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How was Christchurch terrorist attack on social media

Indeed, the whole attack appeared to have been organized for the age of social media. Before it took place, it appeared that there was a job on the board of anonymous 8chan – a forum that was particularly lawful without the elements of racist and extremist jobs – previewing the horror. It linked to an 87-page manifesto filled with anti-immigrant and anti-Muslim ideas, and guided his Facebook page users to host the live stream. Apparently, the attack was happening on Twitter.

The attacks took place on the Christchurch site, New Zealand, which seemed to have struggled to recover from a devastating earthquake which had brought thousands of buildings down and killed almost 200 people in 201

1. city ​​very much after that event. Migrants largely rehabilitated mainly, many people hired to rebuild the city. New Zealand's Prime Minister, Jacinda Ardern, said that after shooting many of those directly affected are likely to be migrants or refugees.

But this attack was far more than that influx in Christ. This related to the rise of online white supremacy and the power of social media in the dissemination of this message.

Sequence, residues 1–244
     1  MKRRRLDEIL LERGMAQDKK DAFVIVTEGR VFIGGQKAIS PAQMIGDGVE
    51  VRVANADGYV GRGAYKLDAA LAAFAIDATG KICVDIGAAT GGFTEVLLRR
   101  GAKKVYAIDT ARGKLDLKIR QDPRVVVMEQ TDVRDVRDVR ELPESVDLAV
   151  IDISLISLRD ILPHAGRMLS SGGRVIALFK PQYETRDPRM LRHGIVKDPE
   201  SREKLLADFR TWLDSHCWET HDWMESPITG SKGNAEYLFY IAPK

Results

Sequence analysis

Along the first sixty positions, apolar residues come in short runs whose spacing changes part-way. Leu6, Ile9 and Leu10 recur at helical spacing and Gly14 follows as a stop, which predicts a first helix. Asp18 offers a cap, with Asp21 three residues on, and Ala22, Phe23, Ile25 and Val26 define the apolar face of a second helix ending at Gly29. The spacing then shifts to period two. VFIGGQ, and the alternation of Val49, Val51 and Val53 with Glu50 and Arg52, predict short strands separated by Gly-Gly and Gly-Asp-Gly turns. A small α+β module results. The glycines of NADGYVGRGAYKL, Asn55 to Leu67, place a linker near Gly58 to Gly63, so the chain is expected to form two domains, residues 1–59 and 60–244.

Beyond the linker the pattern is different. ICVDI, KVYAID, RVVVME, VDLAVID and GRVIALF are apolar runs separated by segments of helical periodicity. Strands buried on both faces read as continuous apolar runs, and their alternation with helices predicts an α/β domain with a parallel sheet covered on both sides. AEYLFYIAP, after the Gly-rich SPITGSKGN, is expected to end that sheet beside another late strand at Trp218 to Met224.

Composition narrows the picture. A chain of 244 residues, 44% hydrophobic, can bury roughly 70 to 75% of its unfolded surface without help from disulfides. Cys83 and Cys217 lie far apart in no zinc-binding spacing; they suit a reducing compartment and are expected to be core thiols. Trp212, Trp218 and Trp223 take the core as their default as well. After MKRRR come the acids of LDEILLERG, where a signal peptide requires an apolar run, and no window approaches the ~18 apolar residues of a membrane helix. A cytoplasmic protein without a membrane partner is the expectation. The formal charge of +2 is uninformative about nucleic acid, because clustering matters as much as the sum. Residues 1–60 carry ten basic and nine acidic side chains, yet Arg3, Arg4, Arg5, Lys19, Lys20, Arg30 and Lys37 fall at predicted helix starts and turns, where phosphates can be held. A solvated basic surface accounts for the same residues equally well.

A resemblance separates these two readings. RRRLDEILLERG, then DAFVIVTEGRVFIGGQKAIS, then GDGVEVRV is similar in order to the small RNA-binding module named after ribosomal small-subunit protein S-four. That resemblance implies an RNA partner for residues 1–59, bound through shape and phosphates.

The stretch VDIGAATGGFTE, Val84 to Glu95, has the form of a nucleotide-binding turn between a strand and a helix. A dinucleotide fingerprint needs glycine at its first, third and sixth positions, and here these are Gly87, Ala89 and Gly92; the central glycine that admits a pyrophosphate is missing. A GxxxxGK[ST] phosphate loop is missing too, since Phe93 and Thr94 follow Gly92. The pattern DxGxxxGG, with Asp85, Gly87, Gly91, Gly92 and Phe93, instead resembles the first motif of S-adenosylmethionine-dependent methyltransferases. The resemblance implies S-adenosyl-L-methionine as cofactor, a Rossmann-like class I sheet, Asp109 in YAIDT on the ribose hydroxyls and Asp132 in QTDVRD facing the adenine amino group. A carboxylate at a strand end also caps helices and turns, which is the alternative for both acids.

Hate web-guided

At first glance, it seems that "the proclamation" of the shooter for those who were killed in white nationals such as Anders Breivik, a terrorist in the far south Norway brought attacks 2011. Indeed, the writer refers to Breivik.

But this document is distinctive about sarcastic language, red slips for any trip and compatible with online meme culture, advocating the evolution of nationalist hatred.

  Family members after shooting
In an article that was widely shared on Friday's Bellingcat website, journalist Robert Evans gives his attention Many white surveyors are in the document reference points which are probably an accurate reflection of the shooter's views.

"But this manifesto is a trap, set for journalists who are searching for the meaning behind this terrible crime," said Evans. "There is truth, and valuable tips on radicalization of the shooter, but it's been under a lot, because of a lack of better word, 'shitposting'."

In other words, the whole thing could be described as one major exercise in murderous registration.